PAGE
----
As CoinDesk releases its compilation of global crypto hubs, there are two notable absences: Tokyo and Hong Kong. Despite the United States sending a less welcoming message to the crypto industry, Tokyo and Hong Kong have been openly embracing cryptocurrencies. However, these two cities did not make it onto the list. One possible explanation for this omission is that although Tokyo and Hong Kong have been involved in the crypto scene for some time, they took a step back from the limelight for a period. Nevertheless, both cities are now positioning themselves to become significant players in the crypto world.
Let’s begin with Japan, which has been actively striving to establish itself as a powerhouse in the Web3 space. It’s important to note that Japan is by no means a newcomer to the crypto industry. However, after the infamous Coincheck hack in early 2018, the country went into a state of caution. Regulatory measures were tightened, and the overall sentiment within the crypto community was not particularly optimistic.
Now, Japan is unmistakably back on track. Regulators have learned valuable lessons from previous hacks, including the Coincheck incident and the infamous Mt. Gox collapse, and have implemented stringent measures to safeguard users. Consequently, while much of the crypto world was reeling from the FTX collapse, FTX Japan users were comparatively protected. Some politicians in Tokyo are actively working to establish clear regulatory frameworks for the crypto industry.
Hong Kong, another well-established crypto hub, may have experienced a decline in its appeal due to COVID-19 restrictions and concerns regarding mainland China’s crackdown on cryptocurrencies in recent years. However, the city is making a concerted effort to position itself as a global crypto destination. In June, Hong Kong began accepting licenses for crypto exchanges and reportedly pressured banks to collaborate with these exchanges.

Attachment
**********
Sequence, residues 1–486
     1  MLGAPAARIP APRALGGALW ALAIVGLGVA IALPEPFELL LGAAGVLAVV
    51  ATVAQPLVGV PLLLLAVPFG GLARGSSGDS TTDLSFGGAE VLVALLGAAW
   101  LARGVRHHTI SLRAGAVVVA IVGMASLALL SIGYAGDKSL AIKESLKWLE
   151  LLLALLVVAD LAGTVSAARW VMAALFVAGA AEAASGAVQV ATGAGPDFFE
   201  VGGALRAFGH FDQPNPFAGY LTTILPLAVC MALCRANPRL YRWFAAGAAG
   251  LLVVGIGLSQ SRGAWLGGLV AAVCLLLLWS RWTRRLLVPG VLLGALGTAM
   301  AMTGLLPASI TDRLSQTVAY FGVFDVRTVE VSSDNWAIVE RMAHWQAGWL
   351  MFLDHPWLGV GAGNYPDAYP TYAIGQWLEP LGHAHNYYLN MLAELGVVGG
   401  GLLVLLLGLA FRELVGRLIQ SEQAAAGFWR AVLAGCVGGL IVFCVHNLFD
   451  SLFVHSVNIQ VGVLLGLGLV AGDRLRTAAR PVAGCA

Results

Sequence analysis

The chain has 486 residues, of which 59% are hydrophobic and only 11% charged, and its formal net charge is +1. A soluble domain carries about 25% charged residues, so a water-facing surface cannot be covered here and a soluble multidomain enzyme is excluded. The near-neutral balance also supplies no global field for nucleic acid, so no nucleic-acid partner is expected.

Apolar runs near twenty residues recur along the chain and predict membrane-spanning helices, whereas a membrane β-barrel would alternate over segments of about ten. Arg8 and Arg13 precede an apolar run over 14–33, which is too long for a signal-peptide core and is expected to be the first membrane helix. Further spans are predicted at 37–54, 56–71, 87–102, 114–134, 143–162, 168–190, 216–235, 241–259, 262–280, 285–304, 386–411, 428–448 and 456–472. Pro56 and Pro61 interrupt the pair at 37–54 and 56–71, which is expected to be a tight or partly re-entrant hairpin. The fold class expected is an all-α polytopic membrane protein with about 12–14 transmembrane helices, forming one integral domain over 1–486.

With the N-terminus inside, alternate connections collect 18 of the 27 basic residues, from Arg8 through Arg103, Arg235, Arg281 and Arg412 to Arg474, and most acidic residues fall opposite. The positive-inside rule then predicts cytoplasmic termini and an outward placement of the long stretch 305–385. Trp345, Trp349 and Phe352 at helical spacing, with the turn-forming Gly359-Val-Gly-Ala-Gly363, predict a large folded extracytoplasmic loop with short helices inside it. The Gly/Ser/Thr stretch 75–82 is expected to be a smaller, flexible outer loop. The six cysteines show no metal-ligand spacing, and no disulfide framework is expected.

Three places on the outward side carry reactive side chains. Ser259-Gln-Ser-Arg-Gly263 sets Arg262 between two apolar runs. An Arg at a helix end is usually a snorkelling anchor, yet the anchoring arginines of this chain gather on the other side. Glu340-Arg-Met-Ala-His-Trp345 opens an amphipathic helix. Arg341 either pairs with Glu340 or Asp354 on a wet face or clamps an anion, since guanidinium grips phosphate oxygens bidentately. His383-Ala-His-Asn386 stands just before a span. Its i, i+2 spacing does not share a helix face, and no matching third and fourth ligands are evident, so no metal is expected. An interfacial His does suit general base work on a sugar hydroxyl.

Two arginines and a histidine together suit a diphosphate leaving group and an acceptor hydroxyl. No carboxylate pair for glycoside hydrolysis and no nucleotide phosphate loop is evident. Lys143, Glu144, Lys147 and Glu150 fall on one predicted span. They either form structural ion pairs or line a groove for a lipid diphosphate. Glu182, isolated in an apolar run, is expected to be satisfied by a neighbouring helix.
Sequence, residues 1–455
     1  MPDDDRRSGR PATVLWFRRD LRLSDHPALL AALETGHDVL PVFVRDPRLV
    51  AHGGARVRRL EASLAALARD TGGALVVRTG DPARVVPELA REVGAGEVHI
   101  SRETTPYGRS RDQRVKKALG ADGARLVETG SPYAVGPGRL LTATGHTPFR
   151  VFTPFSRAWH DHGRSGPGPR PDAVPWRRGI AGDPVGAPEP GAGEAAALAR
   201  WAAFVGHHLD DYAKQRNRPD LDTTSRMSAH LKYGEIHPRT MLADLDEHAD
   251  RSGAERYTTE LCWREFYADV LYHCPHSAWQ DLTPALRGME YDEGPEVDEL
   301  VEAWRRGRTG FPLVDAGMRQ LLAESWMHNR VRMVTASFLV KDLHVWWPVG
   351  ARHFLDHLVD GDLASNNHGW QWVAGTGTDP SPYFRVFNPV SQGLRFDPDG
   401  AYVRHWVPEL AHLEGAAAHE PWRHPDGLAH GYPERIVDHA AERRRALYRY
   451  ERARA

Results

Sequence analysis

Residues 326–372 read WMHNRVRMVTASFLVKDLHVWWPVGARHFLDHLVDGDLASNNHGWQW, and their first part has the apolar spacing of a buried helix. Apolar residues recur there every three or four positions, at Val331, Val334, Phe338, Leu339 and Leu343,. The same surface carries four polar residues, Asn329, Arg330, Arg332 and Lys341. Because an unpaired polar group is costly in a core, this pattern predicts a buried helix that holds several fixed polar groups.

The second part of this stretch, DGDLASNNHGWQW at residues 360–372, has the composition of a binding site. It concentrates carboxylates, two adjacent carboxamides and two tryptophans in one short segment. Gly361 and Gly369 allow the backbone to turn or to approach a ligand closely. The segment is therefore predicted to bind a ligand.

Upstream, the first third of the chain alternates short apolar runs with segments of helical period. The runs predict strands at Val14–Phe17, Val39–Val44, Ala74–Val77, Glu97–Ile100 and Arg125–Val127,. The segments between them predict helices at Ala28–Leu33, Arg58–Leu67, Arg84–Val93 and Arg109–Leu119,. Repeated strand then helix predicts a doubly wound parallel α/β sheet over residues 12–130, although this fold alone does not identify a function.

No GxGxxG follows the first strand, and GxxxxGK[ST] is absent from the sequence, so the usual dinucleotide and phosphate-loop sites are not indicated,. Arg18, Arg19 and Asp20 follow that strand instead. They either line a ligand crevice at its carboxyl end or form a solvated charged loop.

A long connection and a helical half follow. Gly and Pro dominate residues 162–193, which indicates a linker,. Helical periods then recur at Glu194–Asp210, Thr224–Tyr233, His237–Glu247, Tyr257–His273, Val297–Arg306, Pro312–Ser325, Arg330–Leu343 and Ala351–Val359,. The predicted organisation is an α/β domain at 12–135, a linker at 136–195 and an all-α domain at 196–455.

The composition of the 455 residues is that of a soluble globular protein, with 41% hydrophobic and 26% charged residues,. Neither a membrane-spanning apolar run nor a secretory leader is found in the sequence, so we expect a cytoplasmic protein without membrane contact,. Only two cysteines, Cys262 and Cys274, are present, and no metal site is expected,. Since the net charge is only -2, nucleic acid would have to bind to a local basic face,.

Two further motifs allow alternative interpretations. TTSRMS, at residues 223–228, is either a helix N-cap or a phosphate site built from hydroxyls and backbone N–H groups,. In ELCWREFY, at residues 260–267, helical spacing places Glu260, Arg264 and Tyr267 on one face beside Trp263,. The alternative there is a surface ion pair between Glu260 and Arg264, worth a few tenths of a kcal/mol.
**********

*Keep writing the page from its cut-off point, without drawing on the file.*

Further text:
While the United States views crypto as risky, Hong Kong sees it as an opportunity. Amid Coinbase’s ongoing battles with the SEC, a Hong Kong lawmaker invited the largest U.S. crypto exchange to apply for operations in the region. Hong Kong’s stance is particularly notable considering the backdrop of crypto crackdowns in mainland China, which appears to at least tacitly endorse Hong Kong’s welcoming approach, at least for now.
Nevertheless, it won’t be a walk in the park for crypto exchanges in Tokyo and Hong Kong. These jurisdictions come with significant regulations and restrictions, making it challenging for global companies to thrive there. For instance, both Kraken and Coinbase recently exited the Japanese market.
Nonetheless, Tokyo and Hong Kong have made it abundantly clear that they are open for crypto business, which is likely to attract crypto companies from around the world.